Steven eventually had to come to terms with his drinking.  The last night he drank during this period of their lives they were at a house warming party.  Steven was drinking pretty heavily, playing softball, being obnoxious and loud, kissing the girls around him, and getting drunk.  Mary was up by the house and couldn't find their son. She walked down to the fields where they were playing softball to find their son standing there watching his father doing all these things.  It got much worse as the night wore on.  By the time they left the party, Steven was beyond drunk, and insisted on driving.  Mary held her kids close to her side as Steven drove them home.  Steven nearly got them all killed in an accident.  Mary screamed at him, and was praying to God just to get them all home in one piece.  Steven, in his drunken stupor, slapped Mary, grabbed her hair, and became very violent.  Their son wrapped his arms around Mary's leg and buried his head into her.  Mary prayed and prayed all the way home.  When, by the grace of God, they did get home, Mary jumped out of the truck, and rushed her children inside.  Steven had fallen out of the truck, and was laying on the ground, but Mary didn't care at this point.  She'd made a pact with God that this was the final straw.  No longer was she going to put herself or her children's lives in jeopardy with someone who seemed so far from the man she remembered.  She knew there was a good man in there, but since the war, the man who returned was so full of rage and pain that he became a threat to the safety of them all.  Mary told me, in that moment, she became very calm, and knew what had to be done.

Steven made it inside the house and passed out on the couch.  Mary placed a bucket next to him so he had a place to vomit.  The next morning, Mary made coffee, and threw out the bottle of whiskey Steven used to add to his coffee when he drank it.  Steven was sobered up and completely oblivious to what had happened the previous night.  He had blacked out, and didn't understand why Mary was so cold to him.  Mary explained to Steven what happened, and told him, "That will never happen again.  You almost killed us.  They would have forgiven you because you were drunk.  But I was sober.  I'm never doing that again.  God gave me my children and you don't have the right to take them away."  Just then, their son came down the stairs and sat at the table for breakfast.  Steven tried to talk to him, and the boy, frightened and scared, said, "Papa, you scared me."  Steven really broke down.  This was his moment where the reality of the way he had been behaving became very clear, and the love he had for his child and his wife, made him make the choice to call and get help for his alcoholism.  Steven got the help he so desperately needed, for alcohol, not for PTSD, the true cause of his, and his family's problem.  Steven did stop drinking and didn't drink for many years, which diminished most of the tension and violence in the home.  But even when Steven was going in to get help, his parents told Mary, "the alcohol is just a symptom, its not the problem."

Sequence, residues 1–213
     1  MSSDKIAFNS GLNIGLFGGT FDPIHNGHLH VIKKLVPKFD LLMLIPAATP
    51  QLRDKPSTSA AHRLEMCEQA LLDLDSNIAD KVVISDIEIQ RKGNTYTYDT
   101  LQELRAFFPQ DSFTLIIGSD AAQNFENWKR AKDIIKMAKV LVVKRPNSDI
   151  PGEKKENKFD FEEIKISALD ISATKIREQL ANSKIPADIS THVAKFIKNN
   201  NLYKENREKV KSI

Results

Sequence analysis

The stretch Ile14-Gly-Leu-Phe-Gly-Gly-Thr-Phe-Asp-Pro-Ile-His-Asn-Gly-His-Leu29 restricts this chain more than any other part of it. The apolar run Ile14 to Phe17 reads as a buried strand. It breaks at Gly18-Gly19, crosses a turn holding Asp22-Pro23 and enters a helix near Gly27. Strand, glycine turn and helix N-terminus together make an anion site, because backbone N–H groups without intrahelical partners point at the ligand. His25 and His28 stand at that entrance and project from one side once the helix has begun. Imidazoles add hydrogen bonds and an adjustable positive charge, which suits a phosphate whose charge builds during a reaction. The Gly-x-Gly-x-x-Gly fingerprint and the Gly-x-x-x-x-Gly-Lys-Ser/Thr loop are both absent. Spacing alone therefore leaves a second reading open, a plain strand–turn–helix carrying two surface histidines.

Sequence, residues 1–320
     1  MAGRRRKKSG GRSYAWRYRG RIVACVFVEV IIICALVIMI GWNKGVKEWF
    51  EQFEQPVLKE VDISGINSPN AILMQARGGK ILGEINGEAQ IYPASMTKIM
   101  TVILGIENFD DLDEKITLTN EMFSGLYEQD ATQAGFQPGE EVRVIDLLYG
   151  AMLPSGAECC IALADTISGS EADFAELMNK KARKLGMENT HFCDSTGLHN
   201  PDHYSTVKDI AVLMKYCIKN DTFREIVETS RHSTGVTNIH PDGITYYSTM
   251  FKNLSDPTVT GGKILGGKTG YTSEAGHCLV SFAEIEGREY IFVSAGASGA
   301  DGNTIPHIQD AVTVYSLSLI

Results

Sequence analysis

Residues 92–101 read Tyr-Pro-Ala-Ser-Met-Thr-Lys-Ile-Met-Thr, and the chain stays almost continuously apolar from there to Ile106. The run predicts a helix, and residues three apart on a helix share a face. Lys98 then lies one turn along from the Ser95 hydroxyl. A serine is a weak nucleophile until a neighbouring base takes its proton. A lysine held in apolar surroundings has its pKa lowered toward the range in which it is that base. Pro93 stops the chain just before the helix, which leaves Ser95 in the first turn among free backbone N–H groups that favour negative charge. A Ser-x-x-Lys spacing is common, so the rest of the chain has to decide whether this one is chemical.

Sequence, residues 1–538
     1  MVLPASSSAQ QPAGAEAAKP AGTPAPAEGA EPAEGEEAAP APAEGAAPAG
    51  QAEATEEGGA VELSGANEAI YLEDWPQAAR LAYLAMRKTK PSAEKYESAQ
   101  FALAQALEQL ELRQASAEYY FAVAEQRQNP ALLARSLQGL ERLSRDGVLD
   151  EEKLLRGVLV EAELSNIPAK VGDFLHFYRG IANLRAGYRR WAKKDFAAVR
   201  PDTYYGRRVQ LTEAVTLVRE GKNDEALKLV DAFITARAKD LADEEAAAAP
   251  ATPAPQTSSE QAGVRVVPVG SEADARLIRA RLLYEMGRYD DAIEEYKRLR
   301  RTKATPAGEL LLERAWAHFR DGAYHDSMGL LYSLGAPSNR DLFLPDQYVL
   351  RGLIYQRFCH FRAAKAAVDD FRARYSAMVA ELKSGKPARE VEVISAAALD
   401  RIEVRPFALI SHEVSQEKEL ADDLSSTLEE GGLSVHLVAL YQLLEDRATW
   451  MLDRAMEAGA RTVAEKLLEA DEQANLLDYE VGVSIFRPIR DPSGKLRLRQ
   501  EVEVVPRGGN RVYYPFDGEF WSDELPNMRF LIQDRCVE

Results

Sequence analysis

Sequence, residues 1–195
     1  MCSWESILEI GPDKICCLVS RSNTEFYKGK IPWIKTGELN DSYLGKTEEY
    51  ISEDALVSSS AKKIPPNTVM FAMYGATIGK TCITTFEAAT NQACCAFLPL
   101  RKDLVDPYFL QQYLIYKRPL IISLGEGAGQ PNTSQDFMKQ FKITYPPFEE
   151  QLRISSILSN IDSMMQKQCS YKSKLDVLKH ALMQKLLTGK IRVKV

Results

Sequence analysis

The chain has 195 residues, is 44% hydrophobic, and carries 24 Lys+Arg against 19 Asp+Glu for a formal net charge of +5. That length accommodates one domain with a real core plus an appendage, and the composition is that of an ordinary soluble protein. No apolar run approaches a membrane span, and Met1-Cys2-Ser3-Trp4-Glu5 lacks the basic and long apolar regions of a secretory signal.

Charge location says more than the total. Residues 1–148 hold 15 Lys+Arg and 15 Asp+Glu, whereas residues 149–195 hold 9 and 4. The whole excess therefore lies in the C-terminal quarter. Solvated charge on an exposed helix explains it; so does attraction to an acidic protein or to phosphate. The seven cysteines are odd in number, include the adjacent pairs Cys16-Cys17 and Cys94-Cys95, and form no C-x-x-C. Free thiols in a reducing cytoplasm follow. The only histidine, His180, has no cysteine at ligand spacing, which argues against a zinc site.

There was a long pause on the phone as Mary collected her thoughts.  She hadn't thought about these things for a very long time.  She said things got a lot better after that, but it didn't end completely.  She said she never knew when it would be World War III.  They built a successful life together, but that didn't stop the fear that he could explode if things weren't done in a certain way.  Little things became a monumental issue.  Everything was a war, or a problem, or a danger to Steven, according to Mary, and she remarked ironically, "Steven was always in the jungle, looking around."  Mary, to avoid confrontation as much as possible, kept the house clean (she also said she liked to keep the house clean too, so it wasn't really a problem or an issue), took care of the kids, did all the laundry, etc., everything in the family felt like it was left up to her.  And if she should fail or not do it perfectly, all hell would break loose.  So she did her very best not to give him any reason to complain.